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POWER Metro Vigil in West Chester

This fall, the POWER Metro team organized a series of vigils in West Chester, PA. Every Thursday evening they gathered on the courthouse steps to draw attention to the upcoming education trial in Pennsylvania’s Commonwealth Court and the need for 100% fair education funding in the state. Metro leader John Barnett, one of the organizers of the vigils, reflects on the vigils’ impact and what the team learned.

How did the weekly POWER Metro vigils come about?

Initially the Chester County POWER group decided to hold vigils on Thursday evenings in West Chester simply to learn how to do it. We had to find out where in the city government to get permission to use the courthouse steps, what was involved, etc. It was an opportunity to grow as a team.

What surprised you about the planning experience?

We were very lucky with how some aspects of the vigils came together – it was kismet. For example, I was introduced to an activist musician and businessperson, Tom Buglio, who manages the keyboard/piano department at the wonderful West Chester music store Taylor Music. Tom advised us that we would need to have amplification, microphone, etc. because the traffic noise was loud at the courthouse. Tom then generously offered to loan us his personal sound equipment. And we used it each Thursday for nine weeks!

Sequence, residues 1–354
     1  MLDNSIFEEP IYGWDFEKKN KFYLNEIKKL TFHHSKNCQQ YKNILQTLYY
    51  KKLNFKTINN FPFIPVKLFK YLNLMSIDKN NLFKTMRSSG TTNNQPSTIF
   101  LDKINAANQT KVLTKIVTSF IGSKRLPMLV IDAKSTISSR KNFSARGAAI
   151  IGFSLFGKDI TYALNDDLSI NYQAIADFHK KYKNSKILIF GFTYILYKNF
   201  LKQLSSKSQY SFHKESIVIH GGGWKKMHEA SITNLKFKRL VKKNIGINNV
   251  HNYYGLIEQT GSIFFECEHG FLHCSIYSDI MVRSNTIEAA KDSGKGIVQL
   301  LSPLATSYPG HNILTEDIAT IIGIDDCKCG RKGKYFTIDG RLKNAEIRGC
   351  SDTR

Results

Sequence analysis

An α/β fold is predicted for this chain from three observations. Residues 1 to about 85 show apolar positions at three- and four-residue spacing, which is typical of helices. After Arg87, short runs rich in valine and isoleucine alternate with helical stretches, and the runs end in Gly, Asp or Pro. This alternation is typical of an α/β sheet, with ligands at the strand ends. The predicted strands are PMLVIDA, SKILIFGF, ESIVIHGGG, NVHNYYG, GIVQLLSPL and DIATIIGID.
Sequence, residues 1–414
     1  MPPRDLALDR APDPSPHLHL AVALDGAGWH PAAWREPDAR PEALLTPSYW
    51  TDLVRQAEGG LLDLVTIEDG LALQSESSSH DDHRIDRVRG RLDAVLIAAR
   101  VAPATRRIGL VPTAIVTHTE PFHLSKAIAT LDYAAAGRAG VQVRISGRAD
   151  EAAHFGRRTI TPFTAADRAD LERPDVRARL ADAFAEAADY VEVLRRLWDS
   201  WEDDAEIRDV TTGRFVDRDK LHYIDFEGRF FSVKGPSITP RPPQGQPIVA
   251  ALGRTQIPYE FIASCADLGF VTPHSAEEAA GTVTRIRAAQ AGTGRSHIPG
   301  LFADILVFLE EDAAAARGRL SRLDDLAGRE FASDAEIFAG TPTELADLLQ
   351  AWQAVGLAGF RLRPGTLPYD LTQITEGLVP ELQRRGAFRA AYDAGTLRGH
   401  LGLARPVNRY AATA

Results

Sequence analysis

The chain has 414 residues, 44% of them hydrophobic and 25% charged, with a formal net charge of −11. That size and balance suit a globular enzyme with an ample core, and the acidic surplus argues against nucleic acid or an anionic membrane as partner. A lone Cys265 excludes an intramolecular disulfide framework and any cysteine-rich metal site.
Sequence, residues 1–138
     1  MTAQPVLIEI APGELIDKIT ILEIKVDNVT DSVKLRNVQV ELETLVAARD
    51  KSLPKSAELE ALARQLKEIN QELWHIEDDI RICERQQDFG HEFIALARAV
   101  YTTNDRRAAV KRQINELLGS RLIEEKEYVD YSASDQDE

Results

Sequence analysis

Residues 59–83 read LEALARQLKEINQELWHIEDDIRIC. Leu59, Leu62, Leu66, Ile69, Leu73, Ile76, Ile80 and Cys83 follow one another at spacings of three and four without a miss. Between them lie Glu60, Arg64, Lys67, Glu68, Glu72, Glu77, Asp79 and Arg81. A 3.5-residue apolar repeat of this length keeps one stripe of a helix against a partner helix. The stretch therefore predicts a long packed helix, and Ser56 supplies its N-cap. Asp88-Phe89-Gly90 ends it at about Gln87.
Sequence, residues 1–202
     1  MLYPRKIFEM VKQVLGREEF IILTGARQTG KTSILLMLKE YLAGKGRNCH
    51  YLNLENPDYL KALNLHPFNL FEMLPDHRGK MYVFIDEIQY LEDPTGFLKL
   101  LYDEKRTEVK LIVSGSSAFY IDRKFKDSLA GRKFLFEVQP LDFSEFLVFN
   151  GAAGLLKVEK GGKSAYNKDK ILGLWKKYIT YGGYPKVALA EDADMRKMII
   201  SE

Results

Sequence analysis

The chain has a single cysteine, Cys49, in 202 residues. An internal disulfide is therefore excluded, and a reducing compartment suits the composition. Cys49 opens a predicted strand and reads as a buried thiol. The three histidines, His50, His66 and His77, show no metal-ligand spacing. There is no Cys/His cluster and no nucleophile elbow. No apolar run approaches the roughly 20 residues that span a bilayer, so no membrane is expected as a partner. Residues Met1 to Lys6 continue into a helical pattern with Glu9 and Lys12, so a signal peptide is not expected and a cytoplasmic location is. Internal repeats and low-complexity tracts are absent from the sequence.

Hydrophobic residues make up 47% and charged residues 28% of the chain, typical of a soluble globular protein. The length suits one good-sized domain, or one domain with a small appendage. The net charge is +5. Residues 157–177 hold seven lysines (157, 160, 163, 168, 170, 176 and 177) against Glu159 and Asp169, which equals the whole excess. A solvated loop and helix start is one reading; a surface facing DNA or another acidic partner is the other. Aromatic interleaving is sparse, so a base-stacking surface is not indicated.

How did you have to change and adapt plans as the vigils continued?

We originally planned to hold a vigil each evening until the October 12 start date of the Education Funding Trial. But soon after we started, the Commonwealth Court pushed the start date back to November 12. The POWER Metro team made a joint decision to continue the vigils through that date.

Anything you learned or would do differently if you planned a similar action again?

Next time I will be more ready to pivot when things change. We’ll have a “rain” option if the weather becomes inappropriate for outdoor activity. I think I would also be more proactive and deliberate with the message that we want the media to spread. I’ll be ready to tell the newspaper reporter exactly what I want them to put in their article. Lastly, for an outdoor event like this, I won’t hesitate to have a centerpiece of some type. We used a large 8×8 colorful poster board that one of our member artists designed, and it really helped us get noticed in our location. Definitely worth repeating.

Did anything unexpected result from your participation in the weekly vigils?

Although our main purpose was to bring attention to the Education Funding Trial, it became apparent that the vigils also provided solace to the participants. Working towards education justice can sometimes be disheartening, but the vigils bolstered our spirits as we got together each week. It created community and boosted our energy.